Business may STEM students’ dreams

What college students do should not be determined by market demands.

Cassandra Sundaram

As we begin the first full week of spring semester and inch our way slowly but surely to graduation, most students, if not all, will once again ask themselves, âÄúWhen and where will I start my career?âÄù  
In an effort to help guide some of these decisions, Sen. Al Franken spoke last week as part of a policy discussion series at the Humphrey School of Public Affairs.  Franken stressed the importance of STEM (science, technology, engineering and mathematics) education in the current job market. He noted companiesâÄô claims of many undereducated and unqualified applicants as a justification for the pushing of STEM in public schools.  
If I recall correctly, the reason people go to college is to have a better chance at the career and future theyâÄôve dreamed for themselves, not the career and future the corporate community dreams up for them.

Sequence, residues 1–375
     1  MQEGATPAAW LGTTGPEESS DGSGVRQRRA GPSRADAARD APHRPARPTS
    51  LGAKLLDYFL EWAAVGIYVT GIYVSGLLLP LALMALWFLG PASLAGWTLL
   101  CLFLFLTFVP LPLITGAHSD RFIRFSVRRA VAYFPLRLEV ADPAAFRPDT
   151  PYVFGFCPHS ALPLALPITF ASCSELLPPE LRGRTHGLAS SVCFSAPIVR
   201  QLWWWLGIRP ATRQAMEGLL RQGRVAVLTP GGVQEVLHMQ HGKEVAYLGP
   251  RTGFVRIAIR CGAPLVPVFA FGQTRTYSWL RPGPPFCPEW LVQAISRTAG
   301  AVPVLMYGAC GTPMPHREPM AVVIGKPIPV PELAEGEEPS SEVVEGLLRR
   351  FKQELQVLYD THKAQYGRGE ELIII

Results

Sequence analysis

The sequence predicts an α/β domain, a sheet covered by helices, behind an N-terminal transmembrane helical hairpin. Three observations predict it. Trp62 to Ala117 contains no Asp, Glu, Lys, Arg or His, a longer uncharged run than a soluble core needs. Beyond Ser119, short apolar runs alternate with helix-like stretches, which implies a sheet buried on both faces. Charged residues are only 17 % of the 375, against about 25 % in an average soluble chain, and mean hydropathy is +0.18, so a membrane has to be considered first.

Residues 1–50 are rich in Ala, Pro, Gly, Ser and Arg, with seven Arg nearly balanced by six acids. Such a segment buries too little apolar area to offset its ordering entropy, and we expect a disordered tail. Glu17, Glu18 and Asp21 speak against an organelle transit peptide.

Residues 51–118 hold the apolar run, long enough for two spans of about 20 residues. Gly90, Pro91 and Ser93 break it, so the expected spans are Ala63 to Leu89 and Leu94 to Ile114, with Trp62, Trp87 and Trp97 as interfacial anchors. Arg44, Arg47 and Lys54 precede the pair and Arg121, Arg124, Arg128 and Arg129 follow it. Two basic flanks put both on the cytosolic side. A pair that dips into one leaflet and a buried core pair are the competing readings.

College, in a way, is a miniature version of the American Dream. Students work hard throughout high school and college in the hopes that the kinds of specialized education they have chosen to pursue guide them closer toward their dream job.  
I have always thought that students will be more interested in and better at a major they choose because itâÄôs what they want to do, not what companies want them to do or what will pay the most money. Science and engineering are obviously important, but they also canâÄôt be forced on students.
We go to college because we choose the kind of people we want to be, businesses and politicians donâÄôt.  We are not merely training to be cogs in the corporate marketplace. We should be the ones to decide how our talents will contribute to society, and they always will.

Cassandra Sundaram welcomes comments at
 [email protected]